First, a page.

Lately the news of VFX studio DNEG asking global staff to take as much as a 3 month pay cut has been much talked about. Before that, DNEG had laid off all their TV VFX crew in L.A. and MPC, Mill Film and Scanline were laying people off too.
I remembered during the 2008 recession, as a wide-eyed intern at one of Lucasfilm’s company meeting, I heard an executive say that the entertainment industry is recession proof. People still need to be entertained during a recession. Perhaps even more so. I was very proud that I had picked an excellent industry to be in.
Obviously since then, news of layoffs and studio shutdowns have riddled CG for a some time now, despite the global economy enjoying massive growth over the last 10 years. In many respects it is tied closely to the business model and the climate of globalisation.
Even at a company as well managed and deeply connected as Industrial Light & Magic, I was at risk of losing my job when Disney bought over Lucasfilm. Jobs were being “restructured” and no one knew what Disney felt about owning a VFX studio. While I was never laid off, eventually a number of my friends lost their jobs when Disney shutdown LucasArts.
I remembered telling myself that I needed to be better with my money. Things aren’t looking so rosey after all. It really left a bitter after taste to feel that my future was at the mercy of people and forces beyond me.
I felt trapped and helpless.
I wish I could say I took action immediately, but sadly, I did nothing. Things returned to normalcy and I got comfortable again — I took no action.
It wasn’t until years later after I got married that I finally took action to put myself into a position of financial resilience because I started thinking about what I wanted to give to my wife and my future family.
You may not find yourself in an industry with low margins or having to chase jobs where the global tax incentives go. But as the coronavirus pandemic shows, no one is completely exempt from financial volatility.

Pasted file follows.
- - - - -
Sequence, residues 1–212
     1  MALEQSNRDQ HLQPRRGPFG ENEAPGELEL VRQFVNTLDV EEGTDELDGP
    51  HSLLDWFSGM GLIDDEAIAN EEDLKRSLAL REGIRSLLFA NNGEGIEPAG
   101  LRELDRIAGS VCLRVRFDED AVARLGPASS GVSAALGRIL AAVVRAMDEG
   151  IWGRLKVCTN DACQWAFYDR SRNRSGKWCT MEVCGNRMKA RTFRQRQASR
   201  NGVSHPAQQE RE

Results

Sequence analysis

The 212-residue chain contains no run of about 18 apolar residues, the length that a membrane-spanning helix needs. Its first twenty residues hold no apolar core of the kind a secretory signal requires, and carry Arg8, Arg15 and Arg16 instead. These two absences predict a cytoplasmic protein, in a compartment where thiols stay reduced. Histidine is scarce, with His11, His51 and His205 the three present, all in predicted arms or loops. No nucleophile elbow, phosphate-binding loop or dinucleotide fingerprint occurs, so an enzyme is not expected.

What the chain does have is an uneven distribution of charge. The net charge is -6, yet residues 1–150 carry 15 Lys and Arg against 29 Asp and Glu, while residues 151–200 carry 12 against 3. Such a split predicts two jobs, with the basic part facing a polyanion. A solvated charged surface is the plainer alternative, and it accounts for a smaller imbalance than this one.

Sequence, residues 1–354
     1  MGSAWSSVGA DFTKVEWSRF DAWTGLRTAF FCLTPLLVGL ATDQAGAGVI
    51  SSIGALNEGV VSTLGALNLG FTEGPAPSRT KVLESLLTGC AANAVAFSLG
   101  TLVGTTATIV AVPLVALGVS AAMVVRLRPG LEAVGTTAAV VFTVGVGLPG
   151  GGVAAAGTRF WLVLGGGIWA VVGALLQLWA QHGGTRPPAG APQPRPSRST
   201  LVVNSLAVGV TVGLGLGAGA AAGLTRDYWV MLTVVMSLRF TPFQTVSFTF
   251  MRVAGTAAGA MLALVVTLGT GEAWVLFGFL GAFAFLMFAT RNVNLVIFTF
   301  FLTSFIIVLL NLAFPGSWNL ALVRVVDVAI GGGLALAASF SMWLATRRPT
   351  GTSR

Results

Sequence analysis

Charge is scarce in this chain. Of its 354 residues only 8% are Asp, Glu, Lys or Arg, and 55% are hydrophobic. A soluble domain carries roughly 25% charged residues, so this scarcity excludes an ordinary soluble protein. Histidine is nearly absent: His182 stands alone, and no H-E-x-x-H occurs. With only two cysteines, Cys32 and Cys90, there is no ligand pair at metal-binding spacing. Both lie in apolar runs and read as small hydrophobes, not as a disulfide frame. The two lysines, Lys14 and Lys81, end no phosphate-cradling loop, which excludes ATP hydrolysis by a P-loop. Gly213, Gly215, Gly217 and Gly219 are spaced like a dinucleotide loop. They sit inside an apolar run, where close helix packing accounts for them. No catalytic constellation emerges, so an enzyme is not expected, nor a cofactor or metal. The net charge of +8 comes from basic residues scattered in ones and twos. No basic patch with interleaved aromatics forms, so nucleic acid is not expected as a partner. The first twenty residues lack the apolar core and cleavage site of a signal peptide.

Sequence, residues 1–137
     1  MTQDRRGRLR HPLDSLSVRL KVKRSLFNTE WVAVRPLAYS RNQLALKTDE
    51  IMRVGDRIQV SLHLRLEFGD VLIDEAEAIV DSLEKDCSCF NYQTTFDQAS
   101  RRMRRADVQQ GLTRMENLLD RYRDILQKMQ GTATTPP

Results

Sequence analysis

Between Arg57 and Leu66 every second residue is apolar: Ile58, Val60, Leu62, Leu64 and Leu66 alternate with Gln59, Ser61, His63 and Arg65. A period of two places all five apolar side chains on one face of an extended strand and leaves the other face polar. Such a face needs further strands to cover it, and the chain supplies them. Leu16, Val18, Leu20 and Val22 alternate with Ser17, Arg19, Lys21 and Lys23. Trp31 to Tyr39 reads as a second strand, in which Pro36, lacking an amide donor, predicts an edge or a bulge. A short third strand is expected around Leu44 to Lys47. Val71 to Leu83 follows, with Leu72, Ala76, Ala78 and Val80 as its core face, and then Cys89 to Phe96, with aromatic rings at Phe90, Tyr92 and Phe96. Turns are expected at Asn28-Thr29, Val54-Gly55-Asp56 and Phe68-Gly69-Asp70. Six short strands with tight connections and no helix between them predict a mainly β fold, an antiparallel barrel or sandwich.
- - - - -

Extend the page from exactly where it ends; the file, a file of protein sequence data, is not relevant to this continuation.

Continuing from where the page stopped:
Even theatres and feature film entertainment that are “recession-proof”, did not count on a virus that would keep people from wondering out of their homes for months.
As artists, the work is seasonal and project-based. There’s no guarantee of rolling on to the next project all the time. And entertainment is hardly an essential service during a pandemic.
This can all be rather unnerving.
Life throws us curve balls all the time. No one anticipated a world where people had to be 6 feet apart adorning masks, yet it happened rapidly in a matter of weeks across the globe.
Over the years, life has surely thrown me a fair share of curveballs to navigate. I am happy to say I made it through!
But I also cannot overstate the importance of the opportunities life has thrown at me that I would not have been able to seize if I was not financially resilient.
Some of these have included:
An incredible job opportunity that was more in line with my goals and allowed me to earn more eventually, but I had to take a 20-25% pay cut.
Shoddy contractor work while restoring a home damaged by a hot water heater leak. That resulted in out-of-pocket expenses that ran upwards of $20,000(not including attorney fees when the unscrupulous contractor tried to sue me).
The pandemic causing my wife to lose a significant stream of income.
You may not relate to the same situations, but a common scenario people experience is having to navigate 1-2 months of no-pay between job transitions. Maybe the next gig doesn’t start up as soon as the current gig ends.
Or even the bee sting that resulted in a $400 urgent care medical bill that showed up 5 months later? (That actually happened to me.)
Have you ever wished you could just walk away from a job that had an unappreciative boss or toxic culture, knowing that you are already set for the next 6-12 months?
Financial resilience is not about being good with money, as I have learnt. It is about enabling you to walk out from bad situations in life. It’s about enabling you to pursue opportunities and interests that satisfy you as a creative and a creator. And finally, it’s about freedom to prioritise what is most important to you and your loved one.
Here’s one mindset and a four strategies I employ personally.
Before tactics, everything begins with mindset.
Be proactive is the first habit in Dr. Stephen Covey’s famous book 7 Habits of Highly Effective People.
It’s about taking responsibility for your life. It means to carry your own weather about you.
All the bad news going on can often cause one to unconsciously fall prey to a victim mentality. We feel victimised by the greater powers that be or the circumstances that life has “dealt us”.
I have no control over where the jobs go so I’ll have to go to get the work wherever the film rebates go.
During these times, it becomes even more crucial that we focus on what we indeed can have control over.
And we do have much that we are in control over, contrary to popular belief.
But you have to believe that you can take action to make a significant difference.
These are some basic tactics I have used to build financial resilience as an artist. Anyone can do this and many in fact have.